"In fact, one of the saddest but most common conditions in elementary school computer labs (when they exist in the developing world), is the children are being trained to use Word, Excel and PowerPoint," Negroponte wrote in an e-mail interview. "I consider that criminal, because children should be making things, communicating, exploring, sharing, not running office automation tools."I find it interesting because those very students and their parents do not see learning Microsoft Office as criminal. No, they see it as a great opportunity. A wonderful experience that will help the students in one very important way: it will get them a job.
Or as Ethan Zuckerman's says in "Ubuntu, and the ongoing difficulty of marketing free beer":
The obstacles to adoption of open source software in the developing world are myriad. Yes, there are countries like Brazil and China that are making governmental investments in open source. And there are organizations like the Shuttleworth Foundation - main sponsors of Ubuntu - who work hard to make open source software available and useful.For better or worse, today that is Microsoft Office. That is what employers know. That is what employers ask for in their employees. That is what students learn to become employed. Microsoft Office, Windows, and Windows-compliant software skills.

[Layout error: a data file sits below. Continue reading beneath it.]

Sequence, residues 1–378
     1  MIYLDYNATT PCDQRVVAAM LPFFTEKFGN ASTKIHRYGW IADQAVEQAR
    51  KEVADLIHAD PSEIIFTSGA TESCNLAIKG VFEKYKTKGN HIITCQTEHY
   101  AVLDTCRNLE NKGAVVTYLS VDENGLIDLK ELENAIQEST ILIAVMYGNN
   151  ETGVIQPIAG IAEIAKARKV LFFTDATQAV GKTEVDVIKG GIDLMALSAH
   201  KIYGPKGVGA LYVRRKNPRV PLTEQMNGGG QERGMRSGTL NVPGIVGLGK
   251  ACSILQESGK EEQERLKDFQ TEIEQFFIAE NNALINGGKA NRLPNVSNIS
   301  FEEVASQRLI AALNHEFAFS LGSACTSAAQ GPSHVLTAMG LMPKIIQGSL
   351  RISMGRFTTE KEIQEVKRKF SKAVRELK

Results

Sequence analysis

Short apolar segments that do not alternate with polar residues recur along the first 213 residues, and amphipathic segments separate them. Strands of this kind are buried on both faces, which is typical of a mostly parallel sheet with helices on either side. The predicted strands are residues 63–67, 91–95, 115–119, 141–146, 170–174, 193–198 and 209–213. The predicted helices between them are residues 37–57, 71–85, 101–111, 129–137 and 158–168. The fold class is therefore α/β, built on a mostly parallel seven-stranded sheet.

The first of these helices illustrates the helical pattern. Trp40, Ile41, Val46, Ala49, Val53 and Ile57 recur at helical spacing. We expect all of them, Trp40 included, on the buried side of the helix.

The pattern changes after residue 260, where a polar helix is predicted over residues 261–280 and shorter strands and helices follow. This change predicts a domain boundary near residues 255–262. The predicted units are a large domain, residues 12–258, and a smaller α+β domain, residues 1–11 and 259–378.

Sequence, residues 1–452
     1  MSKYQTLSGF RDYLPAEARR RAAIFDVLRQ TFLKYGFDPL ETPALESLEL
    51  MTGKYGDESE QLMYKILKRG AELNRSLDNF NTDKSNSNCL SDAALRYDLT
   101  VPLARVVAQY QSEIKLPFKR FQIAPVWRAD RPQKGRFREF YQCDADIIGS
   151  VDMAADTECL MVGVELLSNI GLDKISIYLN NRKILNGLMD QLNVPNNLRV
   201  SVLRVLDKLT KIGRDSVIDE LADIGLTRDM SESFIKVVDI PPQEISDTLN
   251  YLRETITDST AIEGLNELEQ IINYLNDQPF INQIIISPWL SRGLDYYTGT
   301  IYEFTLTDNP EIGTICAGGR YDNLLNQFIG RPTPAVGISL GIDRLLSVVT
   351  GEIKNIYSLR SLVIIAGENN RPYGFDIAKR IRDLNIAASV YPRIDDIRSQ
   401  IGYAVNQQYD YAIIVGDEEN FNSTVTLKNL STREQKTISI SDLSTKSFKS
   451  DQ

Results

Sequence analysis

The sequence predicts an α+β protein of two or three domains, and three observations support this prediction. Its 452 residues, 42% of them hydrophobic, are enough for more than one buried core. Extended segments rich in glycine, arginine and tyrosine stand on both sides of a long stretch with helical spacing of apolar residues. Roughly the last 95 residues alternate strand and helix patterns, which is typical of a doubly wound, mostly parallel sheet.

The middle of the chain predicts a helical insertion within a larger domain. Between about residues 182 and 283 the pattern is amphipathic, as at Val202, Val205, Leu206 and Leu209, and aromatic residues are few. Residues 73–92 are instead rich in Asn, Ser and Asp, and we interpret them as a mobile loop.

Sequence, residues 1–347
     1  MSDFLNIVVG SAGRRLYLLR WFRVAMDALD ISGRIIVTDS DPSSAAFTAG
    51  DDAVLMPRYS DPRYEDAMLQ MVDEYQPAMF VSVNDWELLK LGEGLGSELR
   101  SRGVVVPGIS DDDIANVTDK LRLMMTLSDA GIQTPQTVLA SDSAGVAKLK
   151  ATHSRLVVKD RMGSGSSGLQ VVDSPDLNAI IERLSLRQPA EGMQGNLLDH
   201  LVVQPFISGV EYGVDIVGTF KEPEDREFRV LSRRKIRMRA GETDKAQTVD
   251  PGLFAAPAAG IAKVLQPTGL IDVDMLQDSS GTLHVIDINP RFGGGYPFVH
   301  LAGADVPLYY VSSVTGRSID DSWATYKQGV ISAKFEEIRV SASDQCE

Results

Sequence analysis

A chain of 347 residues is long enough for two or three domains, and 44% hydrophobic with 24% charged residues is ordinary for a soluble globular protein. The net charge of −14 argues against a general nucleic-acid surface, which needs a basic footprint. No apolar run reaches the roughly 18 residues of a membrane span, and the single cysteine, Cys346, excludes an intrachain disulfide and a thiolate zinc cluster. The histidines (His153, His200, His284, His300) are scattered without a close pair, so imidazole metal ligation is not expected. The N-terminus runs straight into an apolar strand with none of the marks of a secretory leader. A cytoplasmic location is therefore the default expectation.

But there are lots of other countries where the reason to get a computer is so that you can develop marketable skills so you can get a good job with an NGO or a branch of government… which means you need to learn the software your potential employer uses… which ain’t Gimp.
Just say "No" to XP clones
Now don't get me wrong. I am no fan of Microsoft, and I couldn't think of a worse misappropriation of the Children's Machine XO than to make OLPC XO yet another Windows clone. But then again, not teaching a valuable skill that may be the difference between feeding your (extended) family or unemployment because of a philosophical difference, is only a moral dilemma to the rich.
For the people I know in poor countries, they do not care if the user interface is Windows, Ubuntu, or Sugar no matter how open the source code or collaborative the design. They may not want to "learn learning"; they will want to learn practical skills that will get them a job.
"We put in an SD slot in the machine just for Bill. We didn't need it but the OLPC machines are at Microsoft right now, getting Windows put on them."And that openness is what we should all keep in mind: The goal is increasing national educational, economic, social development on a global scale, using practical and appropriate technology. Not investing in technology for technology's sake, blinded by ideology.